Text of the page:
The Draft Mapping Report itself acknowledges the unreliable nature of their sources
statements:

“It is very hard to determine how many people died in the first few months of the conflict. Every community has its own version of the facts and its own estimate of the number of victims. Furthermore, killing sprees often occurred at very heavily dispersed sites that are hard to access even now. Where it is possible to visit these sites, it is rare to find first hand witnesses to the events, because the successive wars that ravaged the province often entailed the displacement of the people in the villages that came under attack.”21

37. The authors note two huge, separate problems that speak to the absolute necessity of verifying allegations by more than only one independent source. First, “every community has its own version of the facts”. Given this admission, only one possible version of events can be the “truth”. More likely, none of the versions of the event is the absolute truth, but instead contains elements of truth. Thus, many “version[s] of the facts” are simply not true, and knowing that, the authors of The Draft Mapping Report never should have allowed incidents to be included that were validated by only one independent source.

38. Second, “it is rare to find first hand witnesses to the events…” The authors of The Draft Mapping Report admit that the one outside source that was consulted very likely was not a first hand witness to the events. Do the witness accounts come from things they have heard from others, years prior? Is all of the “evidence” hearsay? Even initial hypotheses of such serious allegations should be confirmed by evidence more credible than that.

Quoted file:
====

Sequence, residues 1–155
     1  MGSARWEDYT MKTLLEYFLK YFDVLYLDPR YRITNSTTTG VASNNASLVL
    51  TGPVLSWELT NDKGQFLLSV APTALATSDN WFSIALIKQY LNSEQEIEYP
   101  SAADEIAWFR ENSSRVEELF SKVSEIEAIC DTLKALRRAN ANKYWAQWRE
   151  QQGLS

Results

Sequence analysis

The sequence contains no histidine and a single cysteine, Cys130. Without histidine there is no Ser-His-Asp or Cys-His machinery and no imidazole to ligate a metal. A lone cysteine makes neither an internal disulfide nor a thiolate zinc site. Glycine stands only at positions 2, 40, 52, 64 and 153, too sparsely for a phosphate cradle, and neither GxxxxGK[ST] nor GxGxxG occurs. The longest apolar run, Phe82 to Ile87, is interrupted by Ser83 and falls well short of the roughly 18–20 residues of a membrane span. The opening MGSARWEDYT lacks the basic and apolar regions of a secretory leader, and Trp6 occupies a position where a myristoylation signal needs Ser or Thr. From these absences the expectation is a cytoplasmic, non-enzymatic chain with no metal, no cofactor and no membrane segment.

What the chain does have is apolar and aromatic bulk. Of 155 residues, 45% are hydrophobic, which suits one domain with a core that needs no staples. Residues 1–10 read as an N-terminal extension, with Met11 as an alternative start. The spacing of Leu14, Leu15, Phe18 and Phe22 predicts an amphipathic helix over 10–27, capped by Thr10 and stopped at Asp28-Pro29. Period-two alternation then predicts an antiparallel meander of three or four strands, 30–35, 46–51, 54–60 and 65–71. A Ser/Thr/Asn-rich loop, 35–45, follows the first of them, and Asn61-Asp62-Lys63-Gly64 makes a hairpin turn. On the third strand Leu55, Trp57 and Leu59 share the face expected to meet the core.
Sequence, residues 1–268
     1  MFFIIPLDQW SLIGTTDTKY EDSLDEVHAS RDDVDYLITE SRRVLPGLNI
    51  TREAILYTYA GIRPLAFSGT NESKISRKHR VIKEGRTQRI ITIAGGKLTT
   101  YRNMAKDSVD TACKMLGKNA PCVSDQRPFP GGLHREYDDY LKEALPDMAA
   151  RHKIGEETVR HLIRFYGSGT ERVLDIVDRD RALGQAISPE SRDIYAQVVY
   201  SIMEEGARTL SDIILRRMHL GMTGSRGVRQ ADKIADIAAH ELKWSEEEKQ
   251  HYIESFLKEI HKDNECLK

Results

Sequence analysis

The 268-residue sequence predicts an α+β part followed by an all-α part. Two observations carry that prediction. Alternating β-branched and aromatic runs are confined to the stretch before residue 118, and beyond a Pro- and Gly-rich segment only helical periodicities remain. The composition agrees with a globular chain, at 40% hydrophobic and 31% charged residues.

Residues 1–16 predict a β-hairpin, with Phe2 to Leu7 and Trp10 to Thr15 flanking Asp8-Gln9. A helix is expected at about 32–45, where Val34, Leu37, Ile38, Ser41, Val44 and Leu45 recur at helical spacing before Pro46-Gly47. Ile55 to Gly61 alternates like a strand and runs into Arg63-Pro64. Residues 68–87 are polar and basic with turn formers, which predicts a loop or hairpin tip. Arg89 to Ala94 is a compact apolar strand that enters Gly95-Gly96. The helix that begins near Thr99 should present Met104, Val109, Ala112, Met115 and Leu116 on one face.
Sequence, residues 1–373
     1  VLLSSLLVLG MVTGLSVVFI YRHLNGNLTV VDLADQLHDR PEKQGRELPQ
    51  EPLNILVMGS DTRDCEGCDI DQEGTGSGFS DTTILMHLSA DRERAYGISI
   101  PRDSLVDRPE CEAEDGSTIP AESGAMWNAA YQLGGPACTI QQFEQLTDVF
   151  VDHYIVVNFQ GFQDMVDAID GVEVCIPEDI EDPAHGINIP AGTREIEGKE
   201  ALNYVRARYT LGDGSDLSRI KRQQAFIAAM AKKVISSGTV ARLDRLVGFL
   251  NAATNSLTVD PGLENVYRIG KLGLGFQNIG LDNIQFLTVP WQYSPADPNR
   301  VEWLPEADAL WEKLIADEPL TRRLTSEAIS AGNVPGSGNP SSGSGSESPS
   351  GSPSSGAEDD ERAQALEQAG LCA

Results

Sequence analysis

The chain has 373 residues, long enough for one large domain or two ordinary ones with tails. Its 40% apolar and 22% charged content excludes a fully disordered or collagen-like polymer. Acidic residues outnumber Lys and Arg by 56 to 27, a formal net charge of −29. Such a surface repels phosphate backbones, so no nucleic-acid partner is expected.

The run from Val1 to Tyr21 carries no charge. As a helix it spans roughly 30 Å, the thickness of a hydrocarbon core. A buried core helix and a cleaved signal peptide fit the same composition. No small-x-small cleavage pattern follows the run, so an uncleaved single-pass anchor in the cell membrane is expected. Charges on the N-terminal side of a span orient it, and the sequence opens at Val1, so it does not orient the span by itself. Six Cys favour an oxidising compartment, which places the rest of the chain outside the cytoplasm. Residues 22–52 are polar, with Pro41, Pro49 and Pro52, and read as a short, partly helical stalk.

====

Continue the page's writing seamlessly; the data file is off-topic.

THE TERMS OF REFERENCE

39. The Terms of Reference (TOR) that govern the objectives of The Mapping Exercise state three main objectives: (1) to conduct a mapping exercise; (2) to assess the justice system of the DRC; and (3) to suggest appropriate transitional justice mechanisms.22 However, on multiple occasions, the authors assert that the TOR requires them to make legal classifications of crimes saying, “[n]onetheless, as described previously, the Terms of Reference of the Mapping Exercise required it to carry out a general legal classification of the crimes committed, including genocide.”23

40. These classifications, allegedly “required” by the TOR, formulate the entirety of Chapter V of The Draft Mapping Report. However, in reviewing the entire TOR, it at no time requires the mapping team to make such a classification. In fact, the words “legal classification” are nowhere to be found in the TOR. Furthermore, the TOR explicitly recognizes the limits of this mapping exercise, stating “[i]t should gather basic information…and not replace in-depth investigations into the incidents uncovered.”24